Testing is beginning on a new generation of methanol-fueled high-temperature membrane full cell as part of a program to accelerate the commercialization of the technology as an auxiliary marine power source. During a year of planned testing at the Alfa Laval Test & Training Centre, the fuel cell system’s durability and lifetime will be in focus while working with DFDS, Maersk Drilling, and Hafnia to develop the operational and implementation aspects for the fuel cell technology.
The fuel cell system is based on high-temperature proton exchange membrane (HTPEM) technology, which according to its developer Blue World Technologies of Denmark, has a higher tolerance for thermal cycling than other fuel cell types. They believe it is well suited to the variable power production needed from a genset. The test will seek to understand the lifespan of the technology that needs to be comparable to that of combustion technologies to be feasible on board. They will address various sources of performance degradation to establish a highly efficient and cost-effective HTPEM fuel cell solution.
“Building on the scalability of automotive applications, we are convinced that methanol fuel cell systems can drastically reduce maritime climate and environmental impact,” said Mads Friis Jensen, Chief Commercial Officer and Co-founder, Blue World Technologies. “By further developing our technology in partnership with marine colleagues, and by ramping up our production capacity at the same time, we can deliver a fuel cell solution that is green, operationally sound, and also commercially viable.”
The fuel cell test setup will have a power of 200 kW, but the fully developed and modular design should according to Blue World be possible to scale up incrementally to a level of 5 MW. The test installation, which is funded by the Danish EUDP (Energy Technology Development and Demonstration Program), will use methanol as fuel, as it is a readily available fuel source and one of the most promising fossil-free fuels already being used in testing at the Alfa Laval Test & Training Centre. The fuel cell system concept, however, Blue World says could possibly be adapted for fuels such as LNG and ammonia.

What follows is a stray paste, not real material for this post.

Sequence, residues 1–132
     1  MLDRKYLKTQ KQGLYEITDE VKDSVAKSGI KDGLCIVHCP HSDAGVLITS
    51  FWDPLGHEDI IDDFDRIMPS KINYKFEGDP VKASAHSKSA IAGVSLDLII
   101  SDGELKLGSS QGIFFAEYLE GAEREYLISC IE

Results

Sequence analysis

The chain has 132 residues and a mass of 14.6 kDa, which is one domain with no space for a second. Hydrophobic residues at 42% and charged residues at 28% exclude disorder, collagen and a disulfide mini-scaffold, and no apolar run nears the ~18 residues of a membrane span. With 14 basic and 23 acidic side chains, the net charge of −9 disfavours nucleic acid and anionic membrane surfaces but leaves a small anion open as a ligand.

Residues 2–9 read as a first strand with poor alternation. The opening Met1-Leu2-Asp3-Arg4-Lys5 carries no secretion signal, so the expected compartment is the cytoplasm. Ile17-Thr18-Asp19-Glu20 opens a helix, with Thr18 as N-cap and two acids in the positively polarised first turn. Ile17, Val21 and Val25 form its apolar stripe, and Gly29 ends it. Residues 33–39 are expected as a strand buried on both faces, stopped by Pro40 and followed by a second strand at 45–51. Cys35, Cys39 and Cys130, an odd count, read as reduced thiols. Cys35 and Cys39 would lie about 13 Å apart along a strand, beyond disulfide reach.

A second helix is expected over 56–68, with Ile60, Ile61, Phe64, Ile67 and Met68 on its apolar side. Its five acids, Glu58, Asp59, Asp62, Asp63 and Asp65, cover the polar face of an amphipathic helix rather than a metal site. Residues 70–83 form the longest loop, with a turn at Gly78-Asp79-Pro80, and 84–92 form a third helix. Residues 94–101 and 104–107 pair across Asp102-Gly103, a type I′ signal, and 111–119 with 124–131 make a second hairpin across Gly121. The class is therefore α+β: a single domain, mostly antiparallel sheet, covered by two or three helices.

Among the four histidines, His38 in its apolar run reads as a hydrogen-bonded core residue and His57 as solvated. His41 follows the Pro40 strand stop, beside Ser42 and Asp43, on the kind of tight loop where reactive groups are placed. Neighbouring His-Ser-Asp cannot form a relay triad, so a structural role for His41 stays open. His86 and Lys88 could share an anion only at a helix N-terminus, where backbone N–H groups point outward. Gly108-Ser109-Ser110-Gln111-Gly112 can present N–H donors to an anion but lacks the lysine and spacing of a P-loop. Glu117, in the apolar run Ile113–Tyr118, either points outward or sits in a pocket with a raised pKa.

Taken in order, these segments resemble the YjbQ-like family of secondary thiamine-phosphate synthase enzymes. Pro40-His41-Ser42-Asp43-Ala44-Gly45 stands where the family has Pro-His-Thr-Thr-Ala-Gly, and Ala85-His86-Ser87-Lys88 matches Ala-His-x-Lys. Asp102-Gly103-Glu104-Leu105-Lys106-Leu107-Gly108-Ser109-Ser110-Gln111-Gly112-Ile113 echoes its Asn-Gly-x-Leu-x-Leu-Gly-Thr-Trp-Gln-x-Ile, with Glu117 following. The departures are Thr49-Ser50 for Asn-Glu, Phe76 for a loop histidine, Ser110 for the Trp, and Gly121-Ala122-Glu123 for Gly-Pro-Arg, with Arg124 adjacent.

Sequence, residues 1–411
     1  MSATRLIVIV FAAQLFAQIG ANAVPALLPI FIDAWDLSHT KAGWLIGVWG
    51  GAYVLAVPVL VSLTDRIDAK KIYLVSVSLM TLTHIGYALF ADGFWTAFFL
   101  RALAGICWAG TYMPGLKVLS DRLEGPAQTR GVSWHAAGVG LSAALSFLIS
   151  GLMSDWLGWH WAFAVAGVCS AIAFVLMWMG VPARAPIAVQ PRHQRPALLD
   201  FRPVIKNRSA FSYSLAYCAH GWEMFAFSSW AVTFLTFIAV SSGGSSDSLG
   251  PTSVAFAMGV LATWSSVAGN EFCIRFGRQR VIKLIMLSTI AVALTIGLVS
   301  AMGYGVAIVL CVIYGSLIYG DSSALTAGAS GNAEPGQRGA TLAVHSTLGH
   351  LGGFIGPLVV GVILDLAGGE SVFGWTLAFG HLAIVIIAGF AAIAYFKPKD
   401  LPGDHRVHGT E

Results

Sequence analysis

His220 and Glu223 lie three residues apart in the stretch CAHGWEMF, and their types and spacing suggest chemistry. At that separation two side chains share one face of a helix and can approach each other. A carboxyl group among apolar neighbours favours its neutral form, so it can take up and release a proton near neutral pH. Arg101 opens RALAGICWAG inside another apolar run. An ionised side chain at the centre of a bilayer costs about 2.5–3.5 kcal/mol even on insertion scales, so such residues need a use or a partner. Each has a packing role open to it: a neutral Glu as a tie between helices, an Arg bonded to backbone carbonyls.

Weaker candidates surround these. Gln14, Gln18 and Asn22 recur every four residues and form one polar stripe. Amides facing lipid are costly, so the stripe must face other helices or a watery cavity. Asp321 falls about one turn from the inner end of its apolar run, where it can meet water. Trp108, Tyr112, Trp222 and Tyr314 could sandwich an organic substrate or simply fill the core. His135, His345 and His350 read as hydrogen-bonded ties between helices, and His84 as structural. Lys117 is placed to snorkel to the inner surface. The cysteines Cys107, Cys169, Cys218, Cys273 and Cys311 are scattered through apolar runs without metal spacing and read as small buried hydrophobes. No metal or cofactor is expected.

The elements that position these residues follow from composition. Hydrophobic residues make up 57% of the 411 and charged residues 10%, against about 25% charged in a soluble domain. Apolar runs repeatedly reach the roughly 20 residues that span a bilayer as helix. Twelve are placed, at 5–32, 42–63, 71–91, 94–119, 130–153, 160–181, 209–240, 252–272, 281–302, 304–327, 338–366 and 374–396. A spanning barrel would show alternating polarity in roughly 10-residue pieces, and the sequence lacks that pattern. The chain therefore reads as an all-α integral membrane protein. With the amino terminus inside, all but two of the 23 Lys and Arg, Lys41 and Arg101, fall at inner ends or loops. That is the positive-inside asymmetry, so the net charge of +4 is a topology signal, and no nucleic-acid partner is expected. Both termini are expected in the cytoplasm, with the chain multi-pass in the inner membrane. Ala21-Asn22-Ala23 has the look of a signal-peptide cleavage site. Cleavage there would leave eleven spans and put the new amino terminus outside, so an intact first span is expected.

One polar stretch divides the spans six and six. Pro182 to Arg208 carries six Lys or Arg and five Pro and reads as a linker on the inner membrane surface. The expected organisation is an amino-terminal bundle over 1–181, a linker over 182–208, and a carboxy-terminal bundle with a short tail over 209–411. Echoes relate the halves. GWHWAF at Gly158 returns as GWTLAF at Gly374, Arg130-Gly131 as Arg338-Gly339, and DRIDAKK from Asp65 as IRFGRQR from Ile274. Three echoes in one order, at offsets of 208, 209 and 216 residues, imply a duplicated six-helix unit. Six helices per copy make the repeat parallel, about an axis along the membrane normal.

Three vessel owners, DFDS, Maersk Drilling, and Hafnia, will contribute insights regarding the operational and commercial implementation of the HTPEM fuel cell system. DFDS is also working on other fuel cell projects, while Maersk Drilling has experience using auxiliary power for special applications, and Hafnia provides experience in methanol bunkering and operations.
Alfa Laval views this project as another step alongside its efforts with solid oxide fuel cells and methanol combustion, will manage and coordinate the project in addition to supplying the innovation resources of the Alfa Laval Test & Training Centre. Blue World Technologies is ramping up for the mass production needed to bring fuel cells into cost parity with combustion-based solutions.